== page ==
For humans, reaching the age of 100 is a rare milestone. For some animals, however, it's hardly uncommon. Not all plants and animals age the way we do, and some are built for much longer lifespans than ours.

Of the 10 animals that live the longest, all of them live well past 100, according to a recent post by Discovery News. At the top of the list, the ocean quahog (aka the clam) lives to be 400 years old, while the runner-up bowhead whale lives to be 211. But even the animal at the bottom of the list, the warty oreo, lives 140 years.

Take a look:


There may be animals that live longer than the ones on this list (like sea sponges, a cave salamander called the human fish that seems to live to be 100, and the potentially immortal hydra), but these are the ones with lifespans that scientists have measured precisely.

These long-lived creatures raise a question: Why do some animals live so much longer than others? While dozens of researchers have asked this question, the short answer is we still don't know.

Here are some of the similarities and differences we observed in the animals above.

Slow and steady

Most of the critters on this list grow and reproduce slowly.

Take the female lake sturgeon (#7 on this list). She takes anywhere from 14-33 years just to reach sexual maturity, and she only spawns once every 4-9 years. (Male lake sturgeons develop a little faster, maturing in 8-12 years and spawning every 2-7 years). In contrast, steelhead trout mature in 2-3 years and live for only 11 years.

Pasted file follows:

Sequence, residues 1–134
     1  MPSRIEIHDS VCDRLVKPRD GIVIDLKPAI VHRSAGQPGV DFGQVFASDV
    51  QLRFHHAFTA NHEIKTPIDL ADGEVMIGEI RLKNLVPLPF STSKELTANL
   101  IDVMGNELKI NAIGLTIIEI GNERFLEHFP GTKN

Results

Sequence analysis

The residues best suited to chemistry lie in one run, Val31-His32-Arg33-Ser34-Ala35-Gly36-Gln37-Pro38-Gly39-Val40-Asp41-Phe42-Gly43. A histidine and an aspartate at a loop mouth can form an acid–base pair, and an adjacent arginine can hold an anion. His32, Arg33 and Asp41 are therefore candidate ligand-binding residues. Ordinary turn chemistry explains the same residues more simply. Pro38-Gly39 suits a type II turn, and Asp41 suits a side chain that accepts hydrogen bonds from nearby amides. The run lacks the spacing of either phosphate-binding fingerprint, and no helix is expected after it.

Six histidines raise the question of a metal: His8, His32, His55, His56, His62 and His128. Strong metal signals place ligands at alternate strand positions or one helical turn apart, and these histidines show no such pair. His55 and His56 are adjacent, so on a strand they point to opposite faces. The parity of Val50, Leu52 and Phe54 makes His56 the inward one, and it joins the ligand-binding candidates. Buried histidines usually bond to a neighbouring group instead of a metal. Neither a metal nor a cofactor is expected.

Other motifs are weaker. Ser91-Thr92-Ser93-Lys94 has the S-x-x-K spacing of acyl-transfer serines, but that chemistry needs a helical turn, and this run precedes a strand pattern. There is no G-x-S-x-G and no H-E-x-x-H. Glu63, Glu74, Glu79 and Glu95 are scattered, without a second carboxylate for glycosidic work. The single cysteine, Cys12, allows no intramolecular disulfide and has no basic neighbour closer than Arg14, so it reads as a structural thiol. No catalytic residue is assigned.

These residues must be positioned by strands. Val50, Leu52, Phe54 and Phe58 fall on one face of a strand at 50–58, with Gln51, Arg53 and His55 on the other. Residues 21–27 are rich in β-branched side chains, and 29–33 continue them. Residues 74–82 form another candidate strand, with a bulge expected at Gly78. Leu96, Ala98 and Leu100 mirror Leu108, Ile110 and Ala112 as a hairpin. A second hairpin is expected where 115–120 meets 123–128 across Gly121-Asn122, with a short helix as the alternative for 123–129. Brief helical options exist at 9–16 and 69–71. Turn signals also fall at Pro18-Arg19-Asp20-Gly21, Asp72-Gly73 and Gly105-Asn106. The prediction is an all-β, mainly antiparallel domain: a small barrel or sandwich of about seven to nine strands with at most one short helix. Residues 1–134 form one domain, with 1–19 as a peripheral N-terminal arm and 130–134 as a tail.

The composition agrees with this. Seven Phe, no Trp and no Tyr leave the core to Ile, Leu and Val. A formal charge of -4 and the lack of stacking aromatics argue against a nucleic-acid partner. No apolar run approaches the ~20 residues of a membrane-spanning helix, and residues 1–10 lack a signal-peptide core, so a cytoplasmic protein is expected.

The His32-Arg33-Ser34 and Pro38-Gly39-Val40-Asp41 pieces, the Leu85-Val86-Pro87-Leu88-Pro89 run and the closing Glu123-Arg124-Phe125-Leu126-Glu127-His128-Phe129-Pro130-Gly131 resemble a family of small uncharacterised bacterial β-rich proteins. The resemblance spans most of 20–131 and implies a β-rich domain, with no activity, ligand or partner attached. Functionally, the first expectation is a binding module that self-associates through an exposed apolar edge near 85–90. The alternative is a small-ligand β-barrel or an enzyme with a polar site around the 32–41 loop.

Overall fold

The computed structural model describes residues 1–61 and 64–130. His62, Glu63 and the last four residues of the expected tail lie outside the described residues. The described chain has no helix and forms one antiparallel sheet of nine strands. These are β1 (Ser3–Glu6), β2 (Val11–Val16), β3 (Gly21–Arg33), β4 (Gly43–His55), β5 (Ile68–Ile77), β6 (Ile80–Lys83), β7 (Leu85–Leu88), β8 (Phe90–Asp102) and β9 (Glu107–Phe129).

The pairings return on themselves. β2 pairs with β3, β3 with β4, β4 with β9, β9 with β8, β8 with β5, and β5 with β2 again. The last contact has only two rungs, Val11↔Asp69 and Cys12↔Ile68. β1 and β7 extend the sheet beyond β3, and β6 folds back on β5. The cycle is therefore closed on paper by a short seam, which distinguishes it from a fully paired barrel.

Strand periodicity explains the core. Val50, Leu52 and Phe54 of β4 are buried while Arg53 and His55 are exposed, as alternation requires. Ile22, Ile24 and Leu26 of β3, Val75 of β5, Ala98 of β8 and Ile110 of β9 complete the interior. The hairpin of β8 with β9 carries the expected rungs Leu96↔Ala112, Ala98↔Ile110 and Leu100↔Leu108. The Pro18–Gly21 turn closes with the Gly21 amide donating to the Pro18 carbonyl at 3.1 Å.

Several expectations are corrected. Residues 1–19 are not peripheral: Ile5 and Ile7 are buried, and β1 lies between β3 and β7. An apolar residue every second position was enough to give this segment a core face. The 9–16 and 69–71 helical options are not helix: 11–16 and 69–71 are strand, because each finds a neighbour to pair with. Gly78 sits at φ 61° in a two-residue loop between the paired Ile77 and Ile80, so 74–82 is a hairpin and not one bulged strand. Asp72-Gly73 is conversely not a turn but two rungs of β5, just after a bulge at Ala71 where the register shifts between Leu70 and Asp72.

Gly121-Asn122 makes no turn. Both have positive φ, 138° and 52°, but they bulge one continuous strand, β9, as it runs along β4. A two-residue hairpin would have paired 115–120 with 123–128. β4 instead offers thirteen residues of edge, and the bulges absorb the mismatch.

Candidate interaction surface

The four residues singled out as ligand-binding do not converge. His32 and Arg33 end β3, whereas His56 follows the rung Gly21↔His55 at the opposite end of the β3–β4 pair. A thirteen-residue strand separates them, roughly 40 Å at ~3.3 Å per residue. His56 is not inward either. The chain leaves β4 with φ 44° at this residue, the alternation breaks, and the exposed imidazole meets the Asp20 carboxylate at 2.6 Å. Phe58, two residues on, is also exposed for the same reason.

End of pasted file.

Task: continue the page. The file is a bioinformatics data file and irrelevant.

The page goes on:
Similarly, the orange roughy (#9), takes 20 years to mature. While it appears to help them with living for long periods, this slow development can be perilous for the population as a whole. Overfishing decimated the orange roughy population near Australia in the 1980s, and since the fish grows so slowly the Australian Fisheries Management Authority estimates it will take up to 65 years to get orange roughy stocks back to target levels.

While most of the animals on this list grow slowly, the rates at which they mature and reproduce vary. Red sea urchins (#4) and ocean quahogs (#1) still spawn every year, for example.

BowheadWhaleBering Land Bridge National Preserve/Flickr

Mostly marine

Besides Galapagos tortoises (#5) and Aldabra giant tortoises (#8), all the animals on the list live in water. Of the water-dwelling animals, five are fish, two are invertebrates (the ocean quahog and red sea urchin), and only one is a mammal (the bowhead whale).

Size doesn't matter

The two top contenders on the list, clams and bowhead whales, couldn't be sized more differently.

While the typical ocean quahog is between 2.8 to 4.3 inches long, the bowhead whale (pictured above) comes in at a massive 65 feet long.

Surprisingly, these two creatures do have one thing in common as far as size is concerned: they eat similarly sized food. While the quahog eats microscopic algae it sucks into its stomach through a straw-like siphon, the bowhead filters microscopic animals like krill through its sieve-like "teeth," called baleen plates.

This article was originally published by Business Insider.

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